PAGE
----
Photo credit: Bria Woods / San Antonio Report
San Antonio’s bike-share company is fully electrifying its fleet, a sign of a growing global trend toward e-bike riding.
By the end of November, BCycle, which has operated the city’s only bike-share fleet for a decade, will have converted its entire fleet of roughly 300 bikes to pedal-assist bikes that give riders a boost from a battery-powered motor.
“We’re seeing it, really, across the entire cycling industry,” J.D. Simpson, BCycle general manager, said of the growth of e-bikes worldwide.
San Antonio is one of many large U.S. cities that have seen e-bikes displacing non-motorized bikes in its bike-share program. A June NBC News analysis of bike-share data from 13 major cities found e-bike use spiked in nearly all of them during the first half of 2021.
Jeff Moore, a local cycling advocate and organizer with SATX Social Ride, said he’s a “huge fan of the electric-assist bike-share” concept, especially for downtown visitors.
“It’s going to put tourists on bikes that wouldn’t normally be on bikes, and they’re going to go farther and see more, so it’s good for the city,” Moore said.
This year is one of transition for San Antonio BCycle, which changed hands in May. A local nonprofit had run the system since its inception in 2011. It’s now owned by BCycle, a subsidiary of Wisconsin-based bicycle manufacturing giant Trek. Houston, Fort Worth, Austin and the lower Rio Grande Valley all now have bike-share programs run by BCycle.
“Pretty much, nobody’s job changed,” said Simpson, who served as the nonprofit’s director for most of the last decade and stayed on after the transition, along with most of the staff. The switch to ownership by the Trek subsidiary was crucial for the long-term sustainability of having a bike-share service in San Antonio, she added.
“We needed to convert to e-bikes, we needed to do some certain things, and the local funding just wasn’t there to do it,” Simpson said.
BCycle now operates nearly 50 stations clustered mostly near downtown. That’s a decline from recent years, a response Simpson attributed to the COVID-19 pandemic that shifted people to working at home, cutting out many regular commuters from the company’s user base, as well as construction that’s temporarily fragmented many downtown streets.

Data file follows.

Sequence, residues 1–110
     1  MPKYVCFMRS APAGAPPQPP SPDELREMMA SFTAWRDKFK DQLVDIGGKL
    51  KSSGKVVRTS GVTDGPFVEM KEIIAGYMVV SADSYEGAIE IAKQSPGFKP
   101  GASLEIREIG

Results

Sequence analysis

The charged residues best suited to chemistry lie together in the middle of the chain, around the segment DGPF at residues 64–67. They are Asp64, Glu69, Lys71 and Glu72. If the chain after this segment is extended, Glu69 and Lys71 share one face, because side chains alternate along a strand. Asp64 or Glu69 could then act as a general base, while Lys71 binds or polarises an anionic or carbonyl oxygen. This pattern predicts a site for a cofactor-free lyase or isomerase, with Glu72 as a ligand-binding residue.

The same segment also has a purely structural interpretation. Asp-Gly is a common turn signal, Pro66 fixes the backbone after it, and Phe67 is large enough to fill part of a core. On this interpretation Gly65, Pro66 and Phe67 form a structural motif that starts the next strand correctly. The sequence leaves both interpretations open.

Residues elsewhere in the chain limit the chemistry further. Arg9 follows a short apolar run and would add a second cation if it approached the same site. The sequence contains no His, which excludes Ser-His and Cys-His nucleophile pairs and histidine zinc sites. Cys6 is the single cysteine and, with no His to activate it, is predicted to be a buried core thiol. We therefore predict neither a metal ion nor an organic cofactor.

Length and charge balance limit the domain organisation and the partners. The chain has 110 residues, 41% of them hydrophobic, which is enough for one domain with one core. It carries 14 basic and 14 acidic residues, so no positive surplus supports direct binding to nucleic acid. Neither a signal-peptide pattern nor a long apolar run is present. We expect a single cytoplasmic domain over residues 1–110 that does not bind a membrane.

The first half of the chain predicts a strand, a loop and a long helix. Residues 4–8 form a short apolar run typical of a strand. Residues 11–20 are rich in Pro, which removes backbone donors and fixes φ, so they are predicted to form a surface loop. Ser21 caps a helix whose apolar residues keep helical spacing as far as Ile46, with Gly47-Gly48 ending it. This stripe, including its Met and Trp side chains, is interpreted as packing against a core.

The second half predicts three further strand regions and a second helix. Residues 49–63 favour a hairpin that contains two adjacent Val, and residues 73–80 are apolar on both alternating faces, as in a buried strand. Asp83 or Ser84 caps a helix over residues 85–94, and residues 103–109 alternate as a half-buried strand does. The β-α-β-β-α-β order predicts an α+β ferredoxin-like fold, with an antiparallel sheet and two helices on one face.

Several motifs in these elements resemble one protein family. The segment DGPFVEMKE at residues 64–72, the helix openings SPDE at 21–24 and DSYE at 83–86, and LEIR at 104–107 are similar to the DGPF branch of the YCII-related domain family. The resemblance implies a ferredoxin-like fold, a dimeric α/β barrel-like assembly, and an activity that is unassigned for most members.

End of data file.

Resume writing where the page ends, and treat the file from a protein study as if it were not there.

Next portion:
“Some of it’s driven by construction, some of it’s driven by how people use the system,” Simpson said. “We don’t have that big cluster of downtown workers like we used to have.”
Still, Simpson said use has been strong, especially among recreational users and people who haven’t used the system before.
“Suddenly people were looking for things to do, and there weren’t as many cars on the road and people were looking at alternatives and suddenly realized we had bike-share here,” she said.
Photo credit: Nick Wagner / San Antonio Report
One potential issue with moving to e-bikes is how the devices integrate with San Antonio’s greenway network. Motorized vehicles, including dockless scooters, aren’t allowed on the city’s more than 80-mile greenway trail network.
But, according to Simpson, BCycle’s electric bikes are calibrated for San Antonio’s greenways. Their battery power kicks in when pedaling, rather than relying on a simple throttle. They’re programmed to top out at 15 miles per hour, unlike commercially available e-bikes that can boost riders to speeds of 25 to 30 miles per hour.
And Bryan Martin, founder of San Antonio e-bike company Bronko Bikes, pointed out that traditional cyclists can ride as recklessly on the greenways as e-bike riders.
“We’ve all seen spandex riders trying to set a new Strava record who will hit somebody,” Martin said.
Martin’s company specializes in converting pedal-powered bikes to e-bikes, along with e-bike maintenance. He’s also a board member with Bike San Antonio, where he’s advocated for dedicated bike lanes on major downtown streets.
The lack of dedicated bike lanes is what’s holding San Antonio back from being a truly bike-friendly city, Martin said. But cyclists and advocacy groups like ActivateSA are promoting a vision of pedestrian and bike highways to better connect the greenway network to places like schools, hospitals, malls, and job centers.
Martin’s favorite example is the Flyway Project, a proposed vision for a pedestrian and bike path forming a north-south connection that roughly parallels U.S. Route 281.
“I’ll be cruising down the Flyway going 25 miles an hour on a Bronko Bike 20 years from now, saying, ‘I helped build this,’” he said.
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